In State by Comm'r of Transp. v. Van Nortwick, 260 N.J. Super. 555, 558, 617 A.2d 284 (App.Div.1992), we recently recited the principles of law regarding compensable injury to a landowner's right of access:
Access to a public highway is a property right and its deprivation requires just compensation. Mueller v. N.J. Highway Auth., 59 N.J. Super. 583 [158 A.2d 343] (App.Div.1960). On the other hand, "the property owner is not entitled to access to his land at every point between it and the highway but only to 'free and convenient access to his property and the improvements on it.'" Id. at 595 [158 A.2d 343]. Where, by virtue of state action, access is limited but remains reasonable, there is no 0 such denial of access as entitles the landowner to compensation. State Highway Comm'r v. Kendall, 107 N.J. Super. 248 [258 A.2d 33] (App.Div.1969) (limitation of access to designated openings resulting from the installation of curbing and railing along highway); State v. Stulman, 136 N.J. Super. 148 [345 A.2d 329] (App.Div.1975) (substitution of more circuitous access roads).
Nor is a landowner entitled to compensation by virtue of inconvenience caused by the need to follow a more circuitous route. State v. Monmouth Hills, Inc., 110 N.J. Super. 449 [266 A.2d 133] (App.Div.1970) (loss of left turn access resulting from installation of center barriers); State v. Stulman, supra (substitution of more circuitous access road); see State v. Interpace Corp., 130 N.J. Super. 322 [327 A.2d 225] (App.Div.1974) (access made more difficult by the need to cross a newly constructed feeder lane to Interstate Route 80). [ State v. Charles Investment Corporation, 143 N.J. Super. 541, 544-545, 363 A.2d 944 (Law Div.1976), 1 aff'd o.b., 151 N.J. Super. 14, 376 A.2d 534 (App.Div.1977), aff'd o.b., 76 N.J. 86, 385 A.2d 1227 (1978).]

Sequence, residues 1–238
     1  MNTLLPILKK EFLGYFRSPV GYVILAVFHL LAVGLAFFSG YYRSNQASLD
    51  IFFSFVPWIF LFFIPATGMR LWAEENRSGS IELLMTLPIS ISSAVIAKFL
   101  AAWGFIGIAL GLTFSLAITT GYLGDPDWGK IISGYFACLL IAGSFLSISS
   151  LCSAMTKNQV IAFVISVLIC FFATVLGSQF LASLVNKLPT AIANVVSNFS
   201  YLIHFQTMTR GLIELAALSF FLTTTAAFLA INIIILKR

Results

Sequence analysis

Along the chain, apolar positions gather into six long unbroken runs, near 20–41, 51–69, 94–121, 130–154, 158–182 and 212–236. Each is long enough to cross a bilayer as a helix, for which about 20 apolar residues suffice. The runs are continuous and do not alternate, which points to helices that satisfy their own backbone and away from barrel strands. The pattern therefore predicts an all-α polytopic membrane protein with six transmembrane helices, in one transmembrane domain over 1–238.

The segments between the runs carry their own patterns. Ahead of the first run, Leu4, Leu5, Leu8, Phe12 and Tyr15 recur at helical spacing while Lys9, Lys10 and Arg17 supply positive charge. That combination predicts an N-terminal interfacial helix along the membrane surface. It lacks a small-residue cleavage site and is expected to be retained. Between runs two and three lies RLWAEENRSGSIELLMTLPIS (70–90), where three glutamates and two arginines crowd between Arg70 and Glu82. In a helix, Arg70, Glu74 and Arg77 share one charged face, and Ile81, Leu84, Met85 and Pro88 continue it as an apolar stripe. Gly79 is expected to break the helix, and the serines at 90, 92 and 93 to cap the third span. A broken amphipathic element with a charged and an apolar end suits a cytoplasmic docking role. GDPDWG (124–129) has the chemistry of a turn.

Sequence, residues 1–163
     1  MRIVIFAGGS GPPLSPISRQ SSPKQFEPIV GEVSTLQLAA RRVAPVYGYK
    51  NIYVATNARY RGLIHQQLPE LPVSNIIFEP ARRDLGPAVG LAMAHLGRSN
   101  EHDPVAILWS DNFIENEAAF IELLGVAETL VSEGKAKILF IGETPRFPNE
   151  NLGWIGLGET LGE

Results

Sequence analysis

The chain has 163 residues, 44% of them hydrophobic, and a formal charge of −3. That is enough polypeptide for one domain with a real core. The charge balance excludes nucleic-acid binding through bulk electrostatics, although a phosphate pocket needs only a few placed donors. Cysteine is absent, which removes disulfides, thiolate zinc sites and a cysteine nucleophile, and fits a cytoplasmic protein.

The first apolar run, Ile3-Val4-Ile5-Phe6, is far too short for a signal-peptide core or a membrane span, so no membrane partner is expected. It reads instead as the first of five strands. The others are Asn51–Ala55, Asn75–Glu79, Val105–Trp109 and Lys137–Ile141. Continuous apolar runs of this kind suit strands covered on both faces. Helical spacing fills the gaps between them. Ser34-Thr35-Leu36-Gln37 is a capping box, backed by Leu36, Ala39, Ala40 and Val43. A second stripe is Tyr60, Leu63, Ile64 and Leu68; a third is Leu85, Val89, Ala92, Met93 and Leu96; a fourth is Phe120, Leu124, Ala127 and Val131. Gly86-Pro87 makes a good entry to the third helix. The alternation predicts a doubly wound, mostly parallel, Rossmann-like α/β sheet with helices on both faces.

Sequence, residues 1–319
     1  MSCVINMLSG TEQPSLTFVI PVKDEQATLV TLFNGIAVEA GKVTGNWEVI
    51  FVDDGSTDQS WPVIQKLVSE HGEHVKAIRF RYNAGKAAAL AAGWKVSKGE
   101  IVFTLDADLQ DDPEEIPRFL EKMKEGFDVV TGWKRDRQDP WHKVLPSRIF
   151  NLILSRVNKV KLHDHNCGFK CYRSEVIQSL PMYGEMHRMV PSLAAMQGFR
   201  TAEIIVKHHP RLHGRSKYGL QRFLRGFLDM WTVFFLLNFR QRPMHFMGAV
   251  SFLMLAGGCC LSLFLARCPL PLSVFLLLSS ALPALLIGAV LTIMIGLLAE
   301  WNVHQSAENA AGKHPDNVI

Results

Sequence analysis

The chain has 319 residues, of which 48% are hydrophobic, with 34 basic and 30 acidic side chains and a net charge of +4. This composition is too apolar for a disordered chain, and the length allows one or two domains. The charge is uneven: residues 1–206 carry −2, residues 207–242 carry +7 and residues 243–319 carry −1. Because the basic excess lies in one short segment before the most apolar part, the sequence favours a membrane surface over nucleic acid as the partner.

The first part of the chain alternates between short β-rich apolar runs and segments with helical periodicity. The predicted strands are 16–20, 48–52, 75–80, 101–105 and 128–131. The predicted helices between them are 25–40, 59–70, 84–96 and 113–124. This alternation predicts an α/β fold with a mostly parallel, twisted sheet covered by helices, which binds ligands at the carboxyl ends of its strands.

Moreover, "[a]lthough a diminution of access may cause other conditions on the property itself which may be compensable, . . . as long as the remaining access is reasonable, the diminution per se is not compensable." Ibid.
Although the State Highway Access Management Act, N.J.S.A. 27:7-89 to -98, enacted in 1989, provides a statutory and regulatory framework for managing access to state highways and not local public roadways, it is noteworthy that the legislative findings and declarations of the Act, N.J.S.A. 27:7-90, provide:
[269 NJSuper Page 477]
e. Every owner of property which abuts a public road has a right of reasonable access to the general system of streets and highways in the State, but not to a particular means of access. The right of access is subject to regulation for the purpose of protecting the public health, safety and welfare.
g. The access rights of an owner of property abutting a State highway must be held subordinate to the public's right and interest 2 in a safe and efficient highway.